Becoming a functional nutritionist is an exciting and rewarding career. Many people look into nutrition as a career path after a passion for health, wellness, and intentional diet choices, but there is so much to learn about how food, exercise, and other elements of our lives impact the health of our bodies. At Portland Community College, you can pursue a year-long preparation program in Functional Nutrition with a cohort of like-minded students who are also studying through live, online classes. This course is approved by the National Association of Nutrition Professionals as preparation for the Holistic Nutrition Credentialing Board certification exam.
If you're considering becoming an optometrist, you've likely heard about the American Board of Opticianry (ABO) certification. The ABO is a non-profit organization that administers certification exams for dispensing opticians and contact lens technicians. But do you need an ABO certification to work in optometry? And more importantly, what is an ABO certification?
More and more people are realizing that nutrition is a key factor in good health, and this is creating a demand for professionals who can provide guidance in how to use it to its fullest. This goes far beyond the idea of using food to control weight. Nutrition has been linked to conditions like heart disease, diabetes, arthritis, digestive concerns, and more. It makes sense that while bad nutrition can increase risks, good nutrition can decrease them and may even help people heal from certain conditions.
Yoga is an ancient practice that works to unite the mind and body through the use of meditation and physical poses, as well as other disciplines originating in ancient India. Many people who practice yoga consider taking their knowledge to the next level. With the Registered Yoga Teacher 200-hour course (RYT-200), you will get into the background, underpinnings, and physical forms of yoga, but the more extensive training certification from the Yoga Alliance is the RYT-500, which requires 300 additional hours of training.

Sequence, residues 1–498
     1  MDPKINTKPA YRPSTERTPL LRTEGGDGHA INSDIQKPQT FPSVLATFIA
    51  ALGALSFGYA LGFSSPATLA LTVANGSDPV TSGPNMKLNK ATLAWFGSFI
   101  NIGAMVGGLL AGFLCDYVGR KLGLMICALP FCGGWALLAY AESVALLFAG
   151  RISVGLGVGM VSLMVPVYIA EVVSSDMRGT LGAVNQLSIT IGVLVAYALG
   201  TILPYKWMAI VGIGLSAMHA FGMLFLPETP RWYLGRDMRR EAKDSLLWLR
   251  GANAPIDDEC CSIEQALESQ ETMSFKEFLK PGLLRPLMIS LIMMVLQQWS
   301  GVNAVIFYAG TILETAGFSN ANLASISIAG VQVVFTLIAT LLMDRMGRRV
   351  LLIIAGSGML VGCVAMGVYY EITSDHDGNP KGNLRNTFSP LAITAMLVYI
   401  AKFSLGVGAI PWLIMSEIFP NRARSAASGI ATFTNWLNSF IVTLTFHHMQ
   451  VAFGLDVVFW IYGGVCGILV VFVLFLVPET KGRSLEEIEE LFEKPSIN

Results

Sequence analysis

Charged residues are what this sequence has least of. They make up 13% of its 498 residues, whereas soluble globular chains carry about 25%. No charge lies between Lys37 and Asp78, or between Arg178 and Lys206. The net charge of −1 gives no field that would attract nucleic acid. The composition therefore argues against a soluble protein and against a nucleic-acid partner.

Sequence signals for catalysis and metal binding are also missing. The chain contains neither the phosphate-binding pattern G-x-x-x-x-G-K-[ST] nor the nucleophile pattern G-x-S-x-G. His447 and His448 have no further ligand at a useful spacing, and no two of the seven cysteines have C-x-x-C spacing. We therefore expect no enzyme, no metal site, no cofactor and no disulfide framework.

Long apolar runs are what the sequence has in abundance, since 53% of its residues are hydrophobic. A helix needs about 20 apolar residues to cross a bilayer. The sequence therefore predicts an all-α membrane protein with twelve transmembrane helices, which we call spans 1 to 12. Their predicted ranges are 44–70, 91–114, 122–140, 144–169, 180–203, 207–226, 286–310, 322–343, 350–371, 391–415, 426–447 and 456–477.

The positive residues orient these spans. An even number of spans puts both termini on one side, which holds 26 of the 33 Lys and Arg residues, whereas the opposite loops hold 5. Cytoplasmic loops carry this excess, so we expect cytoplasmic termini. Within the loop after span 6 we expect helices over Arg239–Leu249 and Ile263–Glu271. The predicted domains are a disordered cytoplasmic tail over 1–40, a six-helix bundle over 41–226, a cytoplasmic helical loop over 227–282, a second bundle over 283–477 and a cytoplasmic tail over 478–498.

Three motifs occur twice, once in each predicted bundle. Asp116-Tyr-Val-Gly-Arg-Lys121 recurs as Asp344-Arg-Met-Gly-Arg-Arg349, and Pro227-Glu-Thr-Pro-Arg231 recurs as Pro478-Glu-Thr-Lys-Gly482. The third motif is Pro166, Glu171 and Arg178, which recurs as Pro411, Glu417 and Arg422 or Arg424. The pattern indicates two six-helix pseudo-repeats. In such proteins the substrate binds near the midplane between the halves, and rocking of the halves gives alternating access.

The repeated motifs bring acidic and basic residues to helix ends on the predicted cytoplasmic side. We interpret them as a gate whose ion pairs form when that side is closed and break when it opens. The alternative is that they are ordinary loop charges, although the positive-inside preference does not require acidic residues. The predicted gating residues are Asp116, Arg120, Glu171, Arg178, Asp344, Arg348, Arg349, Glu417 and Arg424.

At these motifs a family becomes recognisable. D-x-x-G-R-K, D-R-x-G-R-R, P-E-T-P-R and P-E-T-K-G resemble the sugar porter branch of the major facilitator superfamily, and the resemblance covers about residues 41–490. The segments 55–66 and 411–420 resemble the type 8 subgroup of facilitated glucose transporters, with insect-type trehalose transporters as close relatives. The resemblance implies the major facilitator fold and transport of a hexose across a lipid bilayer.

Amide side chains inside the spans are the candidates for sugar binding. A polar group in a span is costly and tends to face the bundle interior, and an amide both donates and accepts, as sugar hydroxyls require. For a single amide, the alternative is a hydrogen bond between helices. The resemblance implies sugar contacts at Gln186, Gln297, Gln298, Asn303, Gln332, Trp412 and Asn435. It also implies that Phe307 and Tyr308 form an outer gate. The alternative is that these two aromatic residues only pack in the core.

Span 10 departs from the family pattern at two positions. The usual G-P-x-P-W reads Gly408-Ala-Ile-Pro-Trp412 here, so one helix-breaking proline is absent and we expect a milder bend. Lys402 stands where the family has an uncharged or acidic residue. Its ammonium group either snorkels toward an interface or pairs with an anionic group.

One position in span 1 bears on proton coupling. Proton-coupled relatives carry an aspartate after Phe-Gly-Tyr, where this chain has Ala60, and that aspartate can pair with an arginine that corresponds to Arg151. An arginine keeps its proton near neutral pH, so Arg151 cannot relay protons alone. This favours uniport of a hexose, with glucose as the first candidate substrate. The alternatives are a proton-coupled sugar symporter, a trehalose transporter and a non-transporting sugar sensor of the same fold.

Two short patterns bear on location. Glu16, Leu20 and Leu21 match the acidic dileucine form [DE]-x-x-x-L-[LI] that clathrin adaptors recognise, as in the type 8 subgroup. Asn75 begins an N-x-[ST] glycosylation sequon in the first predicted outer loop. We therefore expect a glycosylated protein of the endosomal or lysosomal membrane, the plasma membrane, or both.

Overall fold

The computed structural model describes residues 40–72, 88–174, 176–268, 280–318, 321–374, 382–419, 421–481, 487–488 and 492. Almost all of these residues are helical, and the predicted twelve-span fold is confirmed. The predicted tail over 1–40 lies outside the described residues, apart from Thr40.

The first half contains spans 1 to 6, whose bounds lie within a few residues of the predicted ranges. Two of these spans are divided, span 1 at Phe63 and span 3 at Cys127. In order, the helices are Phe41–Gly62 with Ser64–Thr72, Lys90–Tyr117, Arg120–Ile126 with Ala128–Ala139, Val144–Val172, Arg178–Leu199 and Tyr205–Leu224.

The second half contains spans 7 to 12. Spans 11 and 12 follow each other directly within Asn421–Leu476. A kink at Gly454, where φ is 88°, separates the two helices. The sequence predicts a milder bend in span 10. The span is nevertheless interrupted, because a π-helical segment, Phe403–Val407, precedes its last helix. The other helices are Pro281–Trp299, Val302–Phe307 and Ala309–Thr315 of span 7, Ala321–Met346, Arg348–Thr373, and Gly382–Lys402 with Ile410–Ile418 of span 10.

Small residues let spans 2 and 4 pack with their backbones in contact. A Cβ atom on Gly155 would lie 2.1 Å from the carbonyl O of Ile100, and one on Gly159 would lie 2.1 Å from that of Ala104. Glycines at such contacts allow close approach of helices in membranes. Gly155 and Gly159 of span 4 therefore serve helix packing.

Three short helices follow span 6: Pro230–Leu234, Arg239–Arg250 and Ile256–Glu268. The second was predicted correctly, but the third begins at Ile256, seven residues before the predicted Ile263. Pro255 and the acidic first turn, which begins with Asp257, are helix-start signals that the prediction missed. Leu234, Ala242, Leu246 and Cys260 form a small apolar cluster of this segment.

There's no better time to start a career in healthcare. The Bureau of Labor Statistics predicts that some of the fastest-growing occupations over the next decade will be in the healthcare industry. More specifically, it's anticipated that there will be a 15% jump in medical coding jobs alone.
Clinical Research Assistants (CR Assistants) spend their time performing trials for new treatments, diagnostic devices, and medications. They also work with patients directly in a healthcare atmosphere. They have important responsibilities that include:
Stacy has been with PCC coordinating dental health education courses over the past three years. She was a dental assistant for 14 years before completing her degree in 2012 at PSU in Community Health Education.
Although hospitals and other medical institutions are heavily associated with nurses and doctors, several other health professionals, such as sterile processing technicians, are critical for delivering quality healthcare to patients in a safe, efficient manner.
In the fast-paced world of healthcare, the importance of medical coders cannot be underestimated. This in-demand career allows healthcare offices and hospitals to run smoothly and provide patient care. Although not directly involved with patients as a coder, you will play a vital role in ensuring that doctors, nurses, and other healthcare professionals can continue to do their jobs well.
Earlier this year PCC employees Stacy Bone (Institute for Health Professionals) and Ginny Jorgensen (Integrated Community Dental Assisting Instructor) traveled to China with A-dec, a leading dental equipment manufacturer located in Newberg, Oregon. Bone said her goal was to help educate and encourage dentists to utilize the benefits of having a dental assistants working chair-side, a practice that isn’t yet common in China. Bone and Jorgensen connected with Chinese audiences and shared best practices during demonstrations for prospective dental assistants.